Factorio, a very popular factory building simulation, joins a wave of much, much bigger game franchises like Call of Duty, Star Wars Jedi, Final Fantasy and others getting a price hike due to inflation. But unlike the massive AAA audience of those other games, much of the Factorio community seems… surprisingly cool with the idea. But not everything.
While companies like Ubisoft, Second try, Xboxand Sony have all effectively set a new standard for game prizes over the past year, Factorio is a bit of an odd man out because it’s a much smaller game. The developer, Wube Software, is a much, much smaller studio than any of the other companies that have announced price increases, and Factorio itself isn’t going up from $60 to $70, it’s going from $30 to $35.
It’s also notable that Factorio is a much older game that sees an increase over its previous prices, rather than a new game setting a trend for a future franchise. Factorio first launched in early access in 2016 before being fully released in 2020. It’s never had microtransactions since, and the only additional content that can be purchased on Steam for it is the $7 soundtrack. But it’s also never been part of a Steam sale before – a choice developers explained back in 2016 ( as noted by Kotaku) as a way of respecting the players who had already purchased the game.
“We don’t want to reward the people who wait to buy the game, we think the price of the game is fair, and this is the deal. If you think the price is too high, it’s your choice not to buy , and we hope that with enough time and additional development, we can convince you of its value.”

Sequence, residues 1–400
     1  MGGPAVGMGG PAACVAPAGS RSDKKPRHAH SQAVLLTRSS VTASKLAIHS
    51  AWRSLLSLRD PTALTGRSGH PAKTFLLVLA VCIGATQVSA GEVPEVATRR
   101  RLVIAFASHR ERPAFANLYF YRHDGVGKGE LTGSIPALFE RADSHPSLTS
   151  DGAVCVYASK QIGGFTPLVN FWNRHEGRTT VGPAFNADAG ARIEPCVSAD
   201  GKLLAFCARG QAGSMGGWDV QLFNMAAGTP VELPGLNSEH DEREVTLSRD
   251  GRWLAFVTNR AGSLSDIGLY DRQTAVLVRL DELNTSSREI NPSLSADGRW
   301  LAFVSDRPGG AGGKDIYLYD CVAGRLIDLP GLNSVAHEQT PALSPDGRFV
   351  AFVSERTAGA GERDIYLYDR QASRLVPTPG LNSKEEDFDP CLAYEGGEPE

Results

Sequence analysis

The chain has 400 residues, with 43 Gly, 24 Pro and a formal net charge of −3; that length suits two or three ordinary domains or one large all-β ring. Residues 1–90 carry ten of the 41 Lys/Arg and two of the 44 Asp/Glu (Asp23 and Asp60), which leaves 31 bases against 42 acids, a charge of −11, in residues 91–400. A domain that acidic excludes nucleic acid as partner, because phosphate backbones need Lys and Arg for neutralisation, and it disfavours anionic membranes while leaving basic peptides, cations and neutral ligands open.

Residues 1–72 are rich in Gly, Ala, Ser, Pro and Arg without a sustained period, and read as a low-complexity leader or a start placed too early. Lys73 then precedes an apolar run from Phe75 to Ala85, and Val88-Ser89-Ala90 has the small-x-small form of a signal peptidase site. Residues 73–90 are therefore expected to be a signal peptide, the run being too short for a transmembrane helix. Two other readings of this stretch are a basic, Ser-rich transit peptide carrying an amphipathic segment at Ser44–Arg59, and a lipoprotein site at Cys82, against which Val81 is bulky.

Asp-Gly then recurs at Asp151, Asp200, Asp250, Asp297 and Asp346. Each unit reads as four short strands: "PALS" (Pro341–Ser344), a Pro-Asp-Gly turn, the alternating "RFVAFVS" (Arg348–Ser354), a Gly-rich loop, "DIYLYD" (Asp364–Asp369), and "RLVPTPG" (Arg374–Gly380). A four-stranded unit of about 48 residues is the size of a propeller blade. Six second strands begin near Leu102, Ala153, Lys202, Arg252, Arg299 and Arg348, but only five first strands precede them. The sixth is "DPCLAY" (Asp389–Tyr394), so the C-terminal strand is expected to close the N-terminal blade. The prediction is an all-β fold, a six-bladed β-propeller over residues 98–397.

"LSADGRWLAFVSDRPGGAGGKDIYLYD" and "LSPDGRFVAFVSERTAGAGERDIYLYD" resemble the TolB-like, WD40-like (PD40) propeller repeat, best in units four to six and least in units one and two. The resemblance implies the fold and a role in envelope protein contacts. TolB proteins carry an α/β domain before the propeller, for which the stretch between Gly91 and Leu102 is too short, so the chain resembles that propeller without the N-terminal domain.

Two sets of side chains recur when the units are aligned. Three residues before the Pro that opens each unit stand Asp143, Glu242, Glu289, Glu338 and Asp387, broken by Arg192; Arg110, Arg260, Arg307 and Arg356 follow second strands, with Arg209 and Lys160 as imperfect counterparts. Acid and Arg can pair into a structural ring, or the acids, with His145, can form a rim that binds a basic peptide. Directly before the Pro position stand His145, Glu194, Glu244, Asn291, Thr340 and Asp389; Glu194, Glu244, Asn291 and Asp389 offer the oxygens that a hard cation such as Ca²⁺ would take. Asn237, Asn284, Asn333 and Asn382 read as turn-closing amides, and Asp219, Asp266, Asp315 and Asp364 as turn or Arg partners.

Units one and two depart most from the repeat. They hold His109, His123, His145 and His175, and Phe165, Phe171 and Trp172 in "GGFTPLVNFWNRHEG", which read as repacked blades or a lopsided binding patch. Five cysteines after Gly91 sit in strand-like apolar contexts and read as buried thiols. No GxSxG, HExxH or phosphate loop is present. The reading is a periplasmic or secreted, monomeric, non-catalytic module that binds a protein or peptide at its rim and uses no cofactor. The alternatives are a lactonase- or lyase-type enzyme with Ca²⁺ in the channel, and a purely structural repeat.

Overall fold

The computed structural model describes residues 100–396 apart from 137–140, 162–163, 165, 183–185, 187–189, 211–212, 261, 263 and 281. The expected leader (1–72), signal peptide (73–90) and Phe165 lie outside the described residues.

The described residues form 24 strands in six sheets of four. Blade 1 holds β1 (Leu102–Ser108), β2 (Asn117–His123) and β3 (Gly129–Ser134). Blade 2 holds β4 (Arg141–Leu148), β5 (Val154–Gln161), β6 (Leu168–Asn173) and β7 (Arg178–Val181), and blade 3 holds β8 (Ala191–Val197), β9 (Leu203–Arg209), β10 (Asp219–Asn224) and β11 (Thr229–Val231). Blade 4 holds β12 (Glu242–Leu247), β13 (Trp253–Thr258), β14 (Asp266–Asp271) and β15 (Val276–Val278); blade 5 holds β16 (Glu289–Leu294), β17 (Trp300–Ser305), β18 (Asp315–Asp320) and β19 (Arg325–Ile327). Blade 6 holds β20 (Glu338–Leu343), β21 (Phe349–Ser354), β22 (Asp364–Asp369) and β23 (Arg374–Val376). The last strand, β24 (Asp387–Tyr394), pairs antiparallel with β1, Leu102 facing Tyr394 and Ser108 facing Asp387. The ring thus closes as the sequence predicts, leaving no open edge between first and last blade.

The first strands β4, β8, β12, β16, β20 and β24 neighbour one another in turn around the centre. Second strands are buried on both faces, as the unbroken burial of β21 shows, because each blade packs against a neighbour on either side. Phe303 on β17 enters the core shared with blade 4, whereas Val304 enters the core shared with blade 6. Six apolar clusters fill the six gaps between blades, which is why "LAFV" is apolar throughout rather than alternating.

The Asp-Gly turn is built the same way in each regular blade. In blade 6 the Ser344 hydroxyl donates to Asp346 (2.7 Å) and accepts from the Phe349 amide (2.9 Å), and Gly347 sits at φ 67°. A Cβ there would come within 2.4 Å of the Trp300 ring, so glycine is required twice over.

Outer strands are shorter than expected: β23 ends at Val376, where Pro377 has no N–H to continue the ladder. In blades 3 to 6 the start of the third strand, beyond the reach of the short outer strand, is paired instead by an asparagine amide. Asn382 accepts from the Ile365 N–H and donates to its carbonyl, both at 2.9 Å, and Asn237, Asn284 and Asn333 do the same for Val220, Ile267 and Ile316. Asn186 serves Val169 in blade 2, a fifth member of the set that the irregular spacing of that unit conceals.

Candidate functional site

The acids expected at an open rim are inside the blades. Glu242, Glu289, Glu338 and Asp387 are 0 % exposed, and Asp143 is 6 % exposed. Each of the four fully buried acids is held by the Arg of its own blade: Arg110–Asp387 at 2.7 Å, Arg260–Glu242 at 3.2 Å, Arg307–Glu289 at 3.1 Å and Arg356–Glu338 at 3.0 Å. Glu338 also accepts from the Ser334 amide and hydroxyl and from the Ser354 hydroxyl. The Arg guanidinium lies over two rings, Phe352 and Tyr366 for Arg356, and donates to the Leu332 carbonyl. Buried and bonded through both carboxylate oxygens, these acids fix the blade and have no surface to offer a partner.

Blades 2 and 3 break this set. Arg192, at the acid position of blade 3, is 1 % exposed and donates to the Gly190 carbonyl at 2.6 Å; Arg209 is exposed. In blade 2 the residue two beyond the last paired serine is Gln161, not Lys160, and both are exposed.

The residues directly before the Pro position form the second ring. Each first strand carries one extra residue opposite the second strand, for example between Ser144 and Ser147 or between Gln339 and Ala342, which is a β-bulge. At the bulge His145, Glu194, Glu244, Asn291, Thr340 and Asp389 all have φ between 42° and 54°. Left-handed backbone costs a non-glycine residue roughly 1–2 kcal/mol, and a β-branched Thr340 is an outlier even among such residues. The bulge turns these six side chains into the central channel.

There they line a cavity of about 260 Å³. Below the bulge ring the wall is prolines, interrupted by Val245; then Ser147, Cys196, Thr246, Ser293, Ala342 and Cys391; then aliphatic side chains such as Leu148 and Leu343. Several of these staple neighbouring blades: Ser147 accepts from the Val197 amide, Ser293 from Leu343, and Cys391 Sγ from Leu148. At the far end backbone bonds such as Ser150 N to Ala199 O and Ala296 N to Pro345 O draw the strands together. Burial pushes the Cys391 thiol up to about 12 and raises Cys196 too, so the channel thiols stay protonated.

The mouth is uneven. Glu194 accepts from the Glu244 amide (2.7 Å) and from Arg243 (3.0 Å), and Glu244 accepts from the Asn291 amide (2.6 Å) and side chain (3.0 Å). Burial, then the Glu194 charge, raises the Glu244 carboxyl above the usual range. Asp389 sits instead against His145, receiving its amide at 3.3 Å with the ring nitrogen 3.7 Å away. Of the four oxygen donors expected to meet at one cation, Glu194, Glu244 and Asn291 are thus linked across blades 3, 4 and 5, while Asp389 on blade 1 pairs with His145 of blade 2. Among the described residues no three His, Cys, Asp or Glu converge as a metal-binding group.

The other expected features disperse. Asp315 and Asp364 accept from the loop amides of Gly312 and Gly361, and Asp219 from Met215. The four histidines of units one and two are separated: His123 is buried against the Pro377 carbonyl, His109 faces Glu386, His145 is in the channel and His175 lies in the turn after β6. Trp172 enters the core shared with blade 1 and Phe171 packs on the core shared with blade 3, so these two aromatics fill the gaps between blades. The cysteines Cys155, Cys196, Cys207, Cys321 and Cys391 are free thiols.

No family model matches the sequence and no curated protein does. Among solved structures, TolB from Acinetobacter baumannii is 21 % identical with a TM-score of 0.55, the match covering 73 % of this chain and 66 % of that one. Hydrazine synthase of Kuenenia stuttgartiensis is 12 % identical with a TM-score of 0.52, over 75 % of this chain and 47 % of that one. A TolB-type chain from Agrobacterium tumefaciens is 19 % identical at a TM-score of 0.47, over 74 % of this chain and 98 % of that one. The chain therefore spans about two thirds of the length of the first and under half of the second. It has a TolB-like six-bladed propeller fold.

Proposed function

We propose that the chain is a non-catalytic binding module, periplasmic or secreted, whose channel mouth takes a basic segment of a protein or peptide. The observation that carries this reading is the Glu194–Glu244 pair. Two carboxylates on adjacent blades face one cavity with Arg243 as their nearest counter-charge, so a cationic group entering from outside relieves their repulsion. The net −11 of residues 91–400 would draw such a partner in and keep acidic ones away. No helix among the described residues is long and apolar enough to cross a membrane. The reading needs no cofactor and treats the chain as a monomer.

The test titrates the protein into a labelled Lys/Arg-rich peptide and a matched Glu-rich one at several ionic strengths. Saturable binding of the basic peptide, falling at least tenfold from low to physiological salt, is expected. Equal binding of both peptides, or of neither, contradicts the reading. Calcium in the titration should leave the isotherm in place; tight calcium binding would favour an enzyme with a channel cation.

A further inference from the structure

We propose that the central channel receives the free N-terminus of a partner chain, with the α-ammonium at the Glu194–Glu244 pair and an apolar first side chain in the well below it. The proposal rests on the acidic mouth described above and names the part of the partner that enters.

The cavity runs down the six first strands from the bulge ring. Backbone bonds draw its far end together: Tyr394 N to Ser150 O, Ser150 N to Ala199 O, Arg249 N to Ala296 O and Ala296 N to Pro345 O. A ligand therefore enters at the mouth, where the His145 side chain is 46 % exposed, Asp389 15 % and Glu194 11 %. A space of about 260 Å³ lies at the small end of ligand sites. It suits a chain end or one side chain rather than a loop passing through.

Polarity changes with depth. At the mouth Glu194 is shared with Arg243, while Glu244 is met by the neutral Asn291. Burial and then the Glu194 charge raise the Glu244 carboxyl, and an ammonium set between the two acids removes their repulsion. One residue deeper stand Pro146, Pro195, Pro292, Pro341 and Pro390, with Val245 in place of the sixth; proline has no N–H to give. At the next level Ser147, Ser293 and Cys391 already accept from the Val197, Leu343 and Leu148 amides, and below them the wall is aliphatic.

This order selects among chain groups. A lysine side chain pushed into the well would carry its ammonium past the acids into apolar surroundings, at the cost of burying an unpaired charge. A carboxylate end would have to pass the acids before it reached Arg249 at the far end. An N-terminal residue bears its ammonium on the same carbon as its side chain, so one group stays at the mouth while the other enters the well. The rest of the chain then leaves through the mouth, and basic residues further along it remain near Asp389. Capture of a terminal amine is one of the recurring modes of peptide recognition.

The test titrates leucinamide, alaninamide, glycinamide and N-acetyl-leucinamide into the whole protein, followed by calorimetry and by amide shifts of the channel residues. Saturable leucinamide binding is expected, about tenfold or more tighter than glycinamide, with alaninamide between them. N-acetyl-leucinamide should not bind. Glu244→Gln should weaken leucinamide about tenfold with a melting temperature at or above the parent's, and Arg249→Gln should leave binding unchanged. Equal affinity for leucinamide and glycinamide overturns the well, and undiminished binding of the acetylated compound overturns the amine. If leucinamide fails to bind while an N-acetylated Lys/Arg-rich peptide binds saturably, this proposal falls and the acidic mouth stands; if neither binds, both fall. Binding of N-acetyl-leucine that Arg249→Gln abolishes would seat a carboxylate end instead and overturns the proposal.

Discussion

Factorio’s price increase was announced on Twitter on January 20, six days before it goes into effect, and the community response so far has been surprisingly positive. Granted, most of the people commenting seem to already own the game, but they’re also pushing for more ways to support Factorio. Many others share anecdotes about their own long playing time compared to how much they spent, implying that the many, many hours put into it were worth the relatively cheap price. A look at Factorio’s “overwhelmingly positive” Steam review score indicates that many more people feel the same way.
That said, a handful of people seem unhappy with the change. A look at Factorio’s overall user review trends shows very, very few negative reviews… with two exceptions. One is back in July last year when (based on the reviews) a regional pricing issue in Russia seemed to make the game twice as expensive for those users. And the other period of negative reviews began, you guessed it, on Jan. 20, with a flurry of “Not Recommended” posts accusing Wube of being greedy and questioning the validity of inflation as an excuse to raise prices. Unlike many other review bombardments, most of the negative reviews have logged quite a few hours, so it’s certain that at least part of the community isn’t happy about this (even if, again, they’ve already bought the game too ).
Factorio is one of the first major independent games to respond to inflation in such a visible, public way with a price increase, but it probably won’t be the last. As we reviewed earlier this month, AAA studios will likely continue to push $70 as the pricing standard for AAA games, but there’s also more debate among the indie community about charging more. It’s possible we’ll see more games follow in Factorio’s footsteps as the year progresses.
Rebekah Valentine is a news reporter for IGN. You can find her on Twitter @ duck valentine.